8th November 2016 was a very important date for India. A surprise decision by Mr Modi rocked the life of 1.2 billion Indians across the nation. Much about that has already been discussed in every medium possible, India and abroad. Interestingly, there was one particular outcome of the monetary shock - it peaked the interest of Indian investors in debt mutual funds of all kinds. For a variery of reasons, deposit rates, which were already in a declining pattern, suddenly spiked down causing an alarming sense of uneasiness among the fixed deposit investors to look for better avenues outside their safe and secure bank deposits.
This is when a lot on money started flowing into GILT (Government bonds) funds and dynamic bond funds. Pitching the idea of investing in government backed safe securities that gave astounding returns in the few weeks post demonetization, a whole of lot of advisors and fund houses pulled the attention of investors to GILT and Dynamic bond...
The stock markets are at an all-time high. Why? The market pundits will attribute it to expectations of a good monsoon, favourable political shifts, GST implementation, and so on. The truth is - this rationalisation always comes as an afterthought depending on whether the markets are high or low.
If we were at an all time low instead, the media would be talking about a possible border dispute, relatively delayed and complex GST, low corporate earnings and the possibility of Donald Trump starting a World War III.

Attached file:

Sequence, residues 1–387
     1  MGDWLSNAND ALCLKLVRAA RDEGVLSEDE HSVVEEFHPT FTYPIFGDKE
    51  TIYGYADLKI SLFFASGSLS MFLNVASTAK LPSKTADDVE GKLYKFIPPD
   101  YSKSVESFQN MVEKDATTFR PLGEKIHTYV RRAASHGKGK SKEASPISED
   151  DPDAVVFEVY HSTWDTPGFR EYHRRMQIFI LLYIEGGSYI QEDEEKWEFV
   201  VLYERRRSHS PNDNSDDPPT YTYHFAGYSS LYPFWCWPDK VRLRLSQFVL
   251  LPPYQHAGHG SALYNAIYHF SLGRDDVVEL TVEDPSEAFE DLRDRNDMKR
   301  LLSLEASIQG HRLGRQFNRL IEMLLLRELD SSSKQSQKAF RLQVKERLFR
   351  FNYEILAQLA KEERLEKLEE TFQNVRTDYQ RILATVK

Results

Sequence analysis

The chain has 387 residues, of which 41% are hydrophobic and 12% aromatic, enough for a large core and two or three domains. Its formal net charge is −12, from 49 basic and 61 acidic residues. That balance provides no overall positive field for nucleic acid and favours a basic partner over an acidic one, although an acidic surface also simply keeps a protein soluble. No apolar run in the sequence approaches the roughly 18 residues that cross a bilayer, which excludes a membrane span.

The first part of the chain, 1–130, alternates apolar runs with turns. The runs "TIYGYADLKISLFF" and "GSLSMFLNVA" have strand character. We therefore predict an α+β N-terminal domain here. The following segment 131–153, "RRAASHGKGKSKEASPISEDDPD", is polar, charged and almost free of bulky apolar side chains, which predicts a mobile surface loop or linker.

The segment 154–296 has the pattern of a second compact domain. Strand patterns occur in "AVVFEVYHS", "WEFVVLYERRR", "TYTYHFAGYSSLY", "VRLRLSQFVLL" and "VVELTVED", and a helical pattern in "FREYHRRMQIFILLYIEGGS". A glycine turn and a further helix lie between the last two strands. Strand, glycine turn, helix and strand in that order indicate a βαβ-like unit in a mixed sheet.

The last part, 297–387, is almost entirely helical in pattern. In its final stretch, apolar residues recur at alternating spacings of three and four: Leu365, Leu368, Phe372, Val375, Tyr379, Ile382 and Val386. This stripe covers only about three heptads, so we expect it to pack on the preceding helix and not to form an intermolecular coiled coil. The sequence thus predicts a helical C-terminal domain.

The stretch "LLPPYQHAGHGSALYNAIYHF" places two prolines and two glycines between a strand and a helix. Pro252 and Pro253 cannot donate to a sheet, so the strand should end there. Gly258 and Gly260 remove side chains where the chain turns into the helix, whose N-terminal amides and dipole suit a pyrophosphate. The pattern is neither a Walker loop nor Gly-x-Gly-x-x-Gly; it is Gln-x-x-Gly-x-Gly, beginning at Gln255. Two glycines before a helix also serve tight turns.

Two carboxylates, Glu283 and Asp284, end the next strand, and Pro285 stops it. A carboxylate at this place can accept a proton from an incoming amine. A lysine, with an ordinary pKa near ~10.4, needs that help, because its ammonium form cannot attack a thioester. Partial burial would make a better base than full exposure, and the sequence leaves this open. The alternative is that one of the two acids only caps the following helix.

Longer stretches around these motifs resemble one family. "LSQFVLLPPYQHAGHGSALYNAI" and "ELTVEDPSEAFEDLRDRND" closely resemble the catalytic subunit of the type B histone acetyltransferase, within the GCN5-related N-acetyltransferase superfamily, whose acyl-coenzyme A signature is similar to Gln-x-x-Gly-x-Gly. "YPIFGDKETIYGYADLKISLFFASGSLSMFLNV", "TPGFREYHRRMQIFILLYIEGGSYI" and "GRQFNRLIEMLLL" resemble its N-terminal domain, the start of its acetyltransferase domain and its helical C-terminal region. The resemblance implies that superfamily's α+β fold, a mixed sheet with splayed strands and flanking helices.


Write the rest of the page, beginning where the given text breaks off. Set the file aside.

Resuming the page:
It's always too difficult to follow these changing dynamics and make sense of them. But there is one undeniable fact that cannot be refuted - Earnings.
Price to Earnings (PE) Ratio - A simple way to understand how costly or cheap stocks are.
We know how fixed deposits work right? You give the bank 100 rupees, you get back 4 rupees every year. Basically, that translates to a yield of 4%. Higher the yield, the better. Simple.
While stocks are relatively...
Thanks to the immense amount of marketing, advertisement and the performance of the category over the last 2 decades, mutual funds aren’t an alien concept even to a young 20-year-old something, just graduating out of college. India is one of the youngest demographics in the world, and mutual funds as a category are only beginning to etch their presence in the savings and investment landscape.
However, for a majority of individuals, Mutual funds somehow are synonymous with Equity Mutual funds, which is like saying Chocolate bars are the same as Cadbury (which was pretty much the case until two decades ago).
Mutual Funds only refer to the ecosystem of individuals handing over their small savings to professionals who in turn manage crores of rupees to generate better returns for their clients, given the objective of Investment.
Once the objective is established (high growth, capital protection, etc), one moves to picking the specific category of funds (Diversified Equity,...